Pfizer buys back top spot

Feb 04, 2009
By Pharmaceutical Technology Editors

Pfizer seems ready to battle patent expiries, declining sales and grim predictions from analysts after announcing it has entered into a definitive merger agreement with Wyeth. Prior to the announcement, Datamonitor had predicted that Pfizer would fall from its industry-leading perch by 2013, but the agency now anticipates that Pfizer–Wyeth will become a prescription pharmaceutical company of "unprecedented scale" by 2013. Despite this huge potential future, investors seem wary about the deal and shares for Pfizer have fallen because of concerns regarding the additional debt required to fund the deal. Datamonitor also believes that the merger will not be an instant fix. "This deal gives Pfizer scale, but will not resolve the company's negative pharma sales outlook," says Simon King, Senior Analyst at Datamonitor.

Pfizer is expected to be the hardest hit by the impending 'patent cliff' of expiries between 2008 and 2012. "Most significant for Pfizer is the loss of patent protection for Lipitor, which comes off patent in the US in 2011," says King. "Lipitor alone accounted for approximately $13 billion (10 billion euro) in global revenues for Pfizer in 2007; more than 28% of the company's total prescription sales that year."

Based on current Datamonitor forecasts, 38.5% of Pfizer's 2007 prescription sales will face expiry prior to the Wyeth acquisition in 2013. Post acquisition, it is forecast that 34.7% of the companies' combined 2007 prescription sales will be exposed to expiry threat between 2007 and 2013. The acquisition will dilute the threat, but it will not solve the underlying commercial challenge looming in front of Pfizer.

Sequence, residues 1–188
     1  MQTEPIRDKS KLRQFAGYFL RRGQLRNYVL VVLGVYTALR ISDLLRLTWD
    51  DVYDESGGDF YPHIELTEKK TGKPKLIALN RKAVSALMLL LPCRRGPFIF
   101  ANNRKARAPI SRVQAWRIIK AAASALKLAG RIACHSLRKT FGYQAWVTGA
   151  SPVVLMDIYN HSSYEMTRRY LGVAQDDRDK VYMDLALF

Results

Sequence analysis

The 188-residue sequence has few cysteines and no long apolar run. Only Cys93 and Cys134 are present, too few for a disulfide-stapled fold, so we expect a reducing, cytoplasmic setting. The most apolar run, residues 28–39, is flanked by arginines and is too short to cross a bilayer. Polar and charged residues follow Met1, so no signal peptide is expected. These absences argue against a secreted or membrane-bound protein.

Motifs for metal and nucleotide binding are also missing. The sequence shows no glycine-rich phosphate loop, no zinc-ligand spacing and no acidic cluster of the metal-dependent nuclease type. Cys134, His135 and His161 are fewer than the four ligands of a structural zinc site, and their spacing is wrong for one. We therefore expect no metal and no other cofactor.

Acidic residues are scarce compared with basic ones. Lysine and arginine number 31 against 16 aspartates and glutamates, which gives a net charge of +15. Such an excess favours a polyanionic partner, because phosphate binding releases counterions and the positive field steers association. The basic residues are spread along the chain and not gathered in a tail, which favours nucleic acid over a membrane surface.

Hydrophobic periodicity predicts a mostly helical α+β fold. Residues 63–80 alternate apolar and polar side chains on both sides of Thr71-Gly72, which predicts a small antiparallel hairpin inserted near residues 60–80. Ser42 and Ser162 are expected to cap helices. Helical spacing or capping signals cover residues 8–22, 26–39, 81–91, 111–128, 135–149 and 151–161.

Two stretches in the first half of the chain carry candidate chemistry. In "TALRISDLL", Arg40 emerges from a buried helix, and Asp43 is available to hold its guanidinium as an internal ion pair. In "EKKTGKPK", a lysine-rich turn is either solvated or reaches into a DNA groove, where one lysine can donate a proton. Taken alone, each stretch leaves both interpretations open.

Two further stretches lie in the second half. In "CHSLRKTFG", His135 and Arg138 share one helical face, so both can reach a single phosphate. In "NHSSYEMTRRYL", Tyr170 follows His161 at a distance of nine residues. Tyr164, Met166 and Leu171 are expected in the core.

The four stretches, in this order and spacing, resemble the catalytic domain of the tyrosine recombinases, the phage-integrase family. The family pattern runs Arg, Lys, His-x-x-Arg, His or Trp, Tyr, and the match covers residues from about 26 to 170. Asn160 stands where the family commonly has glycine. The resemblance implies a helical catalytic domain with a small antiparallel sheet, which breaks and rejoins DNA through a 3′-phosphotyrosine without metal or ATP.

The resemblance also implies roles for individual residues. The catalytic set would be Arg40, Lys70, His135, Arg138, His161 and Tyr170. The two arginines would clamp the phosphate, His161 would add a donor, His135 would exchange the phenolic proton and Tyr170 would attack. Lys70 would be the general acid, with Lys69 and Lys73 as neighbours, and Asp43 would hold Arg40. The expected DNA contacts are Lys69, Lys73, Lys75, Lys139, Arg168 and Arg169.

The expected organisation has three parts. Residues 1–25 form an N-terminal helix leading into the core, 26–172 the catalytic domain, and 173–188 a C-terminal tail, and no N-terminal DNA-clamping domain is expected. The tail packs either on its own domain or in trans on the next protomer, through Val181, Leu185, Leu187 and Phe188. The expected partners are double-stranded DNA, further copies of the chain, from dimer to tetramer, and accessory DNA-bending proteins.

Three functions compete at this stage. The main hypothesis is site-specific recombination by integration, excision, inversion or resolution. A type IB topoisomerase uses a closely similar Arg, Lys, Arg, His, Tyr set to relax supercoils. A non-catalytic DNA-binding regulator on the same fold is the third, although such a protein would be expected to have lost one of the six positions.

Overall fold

It will, however, provide the opportunity for cost savings through elimination of duplicate activities in both companies. Pfizer will also gain access to biologic and vaccine capabilities. King says: "Pfizer's traditional focus has been on small molecules and the cardiovascular market. This acquisition allows it to greatly improve its presence in the immunology, inflammation and infectious diseases sectors, and integrates Wyeth's expertise in the biologic and vaccines markets."

The announcement of the merger agreement coincides with Pfizer's presentation of its Q4 financials, which revealed a 90% drop in net income, and restructuring plans that include cutting 10% of its global workforce.